Since launching in 2013, the government’s Help-to-Buy housing scheme has perhaps disproportionately benefited the larger builders, with an argument to be made that it uses government funding to subsidize the income of builders, which are subsequently able to command higher house prices as the scheme supplements buyer potential. Property expert Henry Pryor calls it the ‘crack cocaine of the building industry’. It is nevertheless also rather difficult to see the cost between the benefits to both buyers and builders – 263,997 homes were bought on a Help-to-Buy equity loan between April 1 2013 and December 31 2019, so in that regard it could hardly be thought of as a failure to consumers.
However, the banks’ withdrawal of most of the 90-95% LTV mortgage range will only serve to push up house prices further at time when financial inequalities and housing affordability are very much in focus. On the subject of affordability, the NHBC puts the number of new homes registered in the affordable and rental sector in 2019 at 48,936, considerably less than the 112,086 registered in the private sector over the same period. And although affordable housing in 2019 did increase – up 13% on 2018 figures, private sector builds were down 3%, with the total number of registered properties for the year at 161,022, up only 1% on 2018, according to the NHBC’s data, which covers approximately 80% of the U.K.’s new build market.
These figures are not rising quickly enough to meet the demands of a growing buyer base, forcing many people to rent for longer, or be forced to rely on the Bank of Mum and Dad to get on the ladder.
Change starts at the foundations
In light of the government’s mammoth coronavirus spending, perhaps COVID will be a watershed opportunity to invest more heavily in housebuilding to meet the demands of the nation. Research from the Local Government Association finds that delivering 100,000 high quality social homes per year could return £320 billion to the nation’s coffers over 50 years. This would reduce demand on private-sector homes and take people out of the rental market – hopefully in response would be a decline in prices for both private ownership and rental.
Of course, actions speak louder than words, and it will be down to the government to push the builders into developing new homes as we move past the pandemic. But beyond this the government should look at overhauling the entire planning system. I have suggested previously opening up the greenbelt for development, which would make available more land to be built on and lower the value on the limited plots currently earmarked for new homes. But there are other options that would perhaps go further to incentivize and reinvigorate the construction industry.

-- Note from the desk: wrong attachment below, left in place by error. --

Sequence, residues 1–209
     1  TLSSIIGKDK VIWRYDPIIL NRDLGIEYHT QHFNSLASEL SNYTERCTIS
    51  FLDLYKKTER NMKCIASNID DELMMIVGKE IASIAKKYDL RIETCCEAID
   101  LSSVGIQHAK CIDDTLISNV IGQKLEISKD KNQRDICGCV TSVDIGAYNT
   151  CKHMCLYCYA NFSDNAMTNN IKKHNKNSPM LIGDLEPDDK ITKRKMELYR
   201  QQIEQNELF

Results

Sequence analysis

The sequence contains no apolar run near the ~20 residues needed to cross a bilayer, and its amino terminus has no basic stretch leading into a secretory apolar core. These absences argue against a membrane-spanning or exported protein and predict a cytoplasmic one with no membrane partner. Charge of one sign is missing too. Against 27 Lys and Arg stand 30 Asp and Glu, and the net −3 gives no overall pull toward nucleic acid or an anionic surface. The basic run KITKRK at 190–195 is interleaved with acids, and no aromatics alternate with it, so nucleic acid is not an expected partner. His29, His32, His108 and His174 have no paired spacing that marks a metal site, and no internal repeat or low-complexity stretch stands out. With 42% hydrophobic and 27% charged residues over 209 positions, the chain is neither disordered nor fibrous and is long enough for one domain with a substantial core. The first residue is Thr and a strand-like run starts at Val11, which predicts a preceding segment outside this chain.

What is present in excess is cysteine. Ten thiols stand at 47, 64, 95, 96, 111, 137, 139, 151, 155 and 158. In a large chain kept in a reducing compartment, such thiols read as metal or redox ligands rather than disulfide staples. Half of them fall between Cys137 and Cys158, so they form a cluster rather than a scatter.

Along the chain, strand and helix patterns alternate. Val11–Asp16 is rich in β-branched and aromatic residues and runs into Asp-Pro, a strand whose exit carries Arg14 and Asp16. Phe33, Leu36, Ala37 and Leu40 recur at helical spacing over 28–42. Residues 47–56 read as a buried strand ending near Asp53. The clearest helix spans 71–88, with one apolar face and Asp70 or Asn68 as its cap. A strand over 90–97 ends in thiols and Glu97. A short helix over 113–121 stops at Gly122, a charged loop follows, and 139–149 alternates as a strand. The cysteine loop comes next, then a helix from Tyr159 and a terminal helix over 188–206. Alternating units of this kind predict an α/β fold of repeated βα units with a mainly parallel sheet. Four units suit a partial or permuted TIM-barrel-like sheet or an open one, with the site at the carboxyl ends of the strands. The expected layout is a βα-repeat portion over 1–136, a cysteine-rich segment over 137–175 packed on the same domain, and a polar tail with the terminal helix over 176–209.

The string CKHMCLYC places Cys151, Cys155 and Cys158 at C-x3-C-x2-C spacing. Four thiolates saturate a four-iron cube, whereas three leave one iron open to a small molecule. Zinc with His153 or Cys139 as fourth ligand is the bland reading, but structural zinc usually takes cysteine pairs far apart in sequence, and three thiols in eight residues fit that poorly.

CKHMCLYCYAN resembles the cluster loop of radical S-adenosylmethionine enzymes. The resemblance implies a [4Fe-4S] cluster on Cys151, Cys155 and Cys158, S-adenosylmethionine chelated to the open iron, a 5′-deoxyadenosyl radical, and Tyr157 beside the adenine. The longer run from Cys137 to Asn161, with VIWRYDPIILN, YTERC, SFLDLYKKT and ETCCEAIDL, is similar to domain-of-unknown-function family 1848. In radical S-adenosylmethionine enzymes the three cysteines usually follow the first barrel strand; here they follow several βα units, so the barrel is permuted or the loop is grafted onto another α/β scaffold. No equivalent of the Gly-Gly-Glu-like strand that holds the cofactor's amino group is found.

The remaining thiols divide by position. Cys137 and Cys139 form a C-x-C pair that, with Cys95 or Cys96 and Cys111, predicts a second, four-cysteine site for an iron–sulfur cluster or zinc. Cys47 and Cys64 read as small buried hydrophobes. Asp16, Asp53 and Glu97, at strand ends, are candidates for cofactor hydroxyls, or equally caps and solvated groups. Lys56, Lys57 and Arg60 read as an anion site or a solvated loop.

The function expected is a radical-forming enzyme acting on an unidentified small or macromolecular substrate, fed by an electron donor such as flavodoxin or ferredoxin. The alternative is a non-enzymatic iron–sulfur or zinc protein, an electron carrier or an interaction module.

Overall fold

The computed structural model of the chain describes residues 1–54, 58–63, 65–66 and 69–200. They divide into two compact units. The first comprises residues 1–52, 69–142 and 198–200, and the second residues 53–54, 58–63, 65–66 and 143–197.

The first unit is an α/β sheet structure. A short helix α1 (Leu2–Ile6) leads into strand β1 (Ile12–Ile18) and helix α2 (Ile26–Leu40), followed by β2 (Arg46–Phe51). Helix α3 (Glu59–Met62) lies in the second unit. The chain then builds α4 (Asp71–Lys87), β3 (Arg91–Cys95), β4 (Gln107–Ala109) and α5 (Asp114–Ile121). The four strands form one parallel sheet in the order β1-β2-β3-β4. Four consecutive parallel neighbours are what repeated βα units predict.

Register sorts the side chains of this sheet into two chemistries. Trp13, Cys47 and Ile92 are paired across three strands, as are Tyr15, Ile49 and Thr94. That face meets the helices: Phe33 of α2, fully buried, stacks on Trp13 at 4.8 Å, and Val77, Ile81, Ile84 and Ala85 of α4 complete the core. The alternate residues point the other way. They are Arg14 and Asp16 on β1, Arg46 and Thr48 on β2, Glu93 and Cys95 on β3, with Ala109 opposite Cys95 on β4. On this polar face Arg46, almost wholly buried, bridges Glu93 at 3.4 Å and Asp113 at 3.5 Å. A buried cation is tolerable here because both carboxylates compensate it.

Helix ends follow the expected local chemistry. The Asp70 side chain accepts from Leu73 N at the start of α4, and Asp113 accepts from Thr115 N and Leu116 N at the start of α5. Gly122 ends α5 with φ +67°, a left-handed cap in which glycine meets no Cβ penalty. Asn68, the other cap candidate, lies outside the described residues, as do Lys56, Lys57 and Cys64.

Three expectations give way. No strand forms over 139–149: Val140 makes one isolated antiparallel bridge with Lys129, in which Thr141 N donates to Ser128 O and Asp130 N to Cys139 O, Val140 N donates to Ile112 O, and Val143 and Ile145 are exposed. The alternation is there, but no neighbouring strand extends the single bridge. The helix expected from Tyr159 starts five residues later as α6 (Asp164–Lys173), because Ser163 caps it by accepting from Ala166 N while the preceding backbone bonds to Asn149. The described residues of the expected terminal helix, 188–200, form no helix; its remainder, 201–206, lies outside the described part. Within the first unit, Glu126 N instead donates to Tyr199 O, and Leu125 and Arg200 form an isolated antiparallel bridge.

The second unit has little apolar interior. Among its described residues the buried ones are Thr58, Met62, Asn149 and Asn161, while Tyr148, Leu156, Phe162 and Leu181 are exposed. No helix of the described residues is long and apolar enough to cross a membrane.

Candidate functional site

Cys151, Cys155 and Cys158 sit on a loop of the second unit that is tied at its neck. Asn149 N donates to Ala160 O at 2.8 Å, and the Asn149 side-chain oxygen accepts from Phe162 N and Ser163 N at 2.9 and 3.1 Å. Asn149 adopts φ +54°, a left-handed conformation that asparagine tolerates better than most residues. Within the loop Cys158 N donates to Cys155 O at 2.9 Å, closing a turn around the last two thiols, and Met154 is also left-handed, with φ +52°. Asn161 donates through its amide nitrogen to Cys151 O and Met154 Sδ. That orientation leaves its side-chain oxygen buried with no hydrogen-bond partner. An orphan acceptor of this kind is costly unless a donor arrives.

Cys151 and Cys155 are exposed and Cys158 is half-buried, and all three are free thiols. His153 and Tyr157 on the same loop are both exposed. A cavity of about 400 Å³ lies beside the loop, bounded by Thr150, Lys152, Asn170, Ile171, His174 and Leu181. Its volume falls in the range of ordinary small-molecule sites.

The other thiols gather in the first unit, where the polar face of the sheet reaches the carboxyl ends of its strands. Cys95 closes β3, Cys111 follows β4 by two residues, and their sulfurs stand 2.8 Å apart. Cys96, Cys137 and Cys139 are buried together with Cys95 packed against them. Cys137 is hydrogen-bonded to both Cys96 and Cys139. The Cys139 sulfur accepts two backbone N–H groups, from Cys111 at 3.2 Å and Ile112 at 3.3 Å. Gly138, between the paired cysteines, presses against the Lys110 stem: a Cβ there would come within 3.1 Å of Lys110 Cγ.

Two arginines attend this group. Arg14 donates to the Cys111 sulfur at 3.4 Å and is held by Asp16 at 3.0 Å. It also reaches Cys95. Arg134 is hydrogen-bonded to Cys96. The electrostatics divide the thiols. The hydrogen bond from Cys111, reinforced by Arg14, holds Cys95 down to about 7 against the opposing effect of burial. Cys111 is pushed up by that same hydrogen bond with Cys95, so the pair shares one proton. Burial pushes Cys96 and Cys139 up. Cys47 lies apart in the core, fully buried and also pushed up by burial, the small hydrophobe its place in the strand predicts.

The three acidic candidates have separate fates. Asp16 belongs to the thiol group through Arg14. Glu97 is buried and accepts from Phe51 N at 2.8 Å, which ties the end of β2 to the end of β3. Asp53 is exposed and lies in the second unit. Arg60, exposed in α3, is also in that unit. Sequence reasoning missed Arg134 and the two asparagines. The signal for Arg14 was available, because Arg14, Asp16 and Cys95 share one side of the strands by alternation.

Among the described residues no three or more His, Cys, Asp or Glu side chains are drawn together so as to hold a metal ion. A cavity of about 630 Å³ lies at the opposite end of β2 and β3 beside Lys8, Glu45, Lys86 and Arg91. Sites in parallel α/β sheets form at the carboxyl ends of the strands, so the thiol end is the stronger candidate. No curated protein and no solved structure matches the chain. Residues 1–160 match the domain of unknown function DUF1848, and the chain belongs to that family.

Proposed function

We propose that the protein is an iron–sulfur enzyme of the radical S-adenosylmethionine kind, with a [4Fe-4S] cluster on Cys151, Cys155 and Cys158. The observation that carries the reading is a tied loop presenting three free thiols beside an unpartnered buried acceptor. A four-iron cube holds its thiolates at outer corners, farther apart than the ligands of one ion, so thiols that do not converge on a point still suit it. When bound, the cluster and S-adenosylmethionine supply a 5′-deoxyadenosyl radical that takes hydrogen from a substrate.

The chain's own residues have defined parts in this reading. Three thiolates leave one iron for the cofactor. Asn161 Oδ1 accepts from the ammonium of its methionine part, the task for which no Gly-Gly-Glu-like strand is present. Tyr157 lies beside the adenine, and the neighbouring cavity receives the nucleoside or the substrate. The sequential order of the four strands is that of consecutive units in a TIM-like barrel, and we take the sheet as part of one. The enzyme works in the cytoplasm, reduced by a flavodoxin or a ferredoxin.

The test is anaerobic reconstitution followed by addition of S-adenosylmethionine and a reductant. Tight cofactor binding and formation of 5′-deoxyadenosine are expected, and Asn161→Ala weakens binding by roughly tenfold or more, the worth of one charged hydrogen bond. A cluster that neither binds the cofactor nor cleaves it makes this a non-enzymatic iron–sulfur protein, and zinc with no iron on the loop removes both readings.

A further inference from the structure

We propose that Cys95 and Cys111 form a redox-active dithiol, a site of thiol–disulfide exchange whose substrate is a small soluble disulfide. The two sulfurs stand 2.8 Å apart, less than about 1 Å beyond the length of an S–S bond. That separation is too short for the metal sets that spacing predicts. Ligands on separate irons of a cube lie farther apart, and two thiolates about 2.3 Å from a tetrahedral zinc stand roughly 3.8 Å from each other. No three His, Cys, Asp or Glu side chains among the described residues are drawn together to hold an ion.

A report published this month from the Centre for Cities researcher Anthony Breach makes the case for flexible zoning to fix the housing crisis – arguing that inequalities are growing because insufficient housing is being developed in areas of high demand to subsidize prices. One of the main outcomes of the report is not to open the greenbelt but to replace it with a zoned area, conditioned on population growth, and to cease the ration of new land for development, whilst still protecting countryside and protected reserves.
Further changes cited would be to make the process of applying for planning permission easier for developers, and to set further restrictions that would stem the practise of land-banking whereby builders hoard land to spread planning risk over time. Undeveloped land in or near popular areas tends to increase over time, incentivizing developers to sit on the land and wait for its value to increase before building, only adding fuel to the housing crisis fire as demand continues to surge.
The report argues that deregulation is not the answer, but rather that the solution is to correct the mechanism for regulation itself. A flexible zoning system would make more land available and encourage builders to complete developing land rather than land-banking or progressing at a slow pace of construction. Japan is a good example of an effective and flexible zoning system at work, providing affordable homes without a housing shortage as reflected in the U.K. And whilst 200,000 housing starts per annum is a decade high for us here, Japan registered 950,000 starts per year – despite a shrinking population.
Would such a system work here? Hard to tell. But after a decades-long housing crisis the current levers in place are clearly not working sufficiently anymore. Overhauling the planning system and incentivizing builders to develop not just at a quicker pace, but delivering higher quality homes, could rapidly increase the volume of genuinely affordable options throughout the country, and consistently meet government pledges to provide millions of new homes every decade.
As I rather enjoyed hearing from this TED Talk – ‘If it’s broke, go fix it’.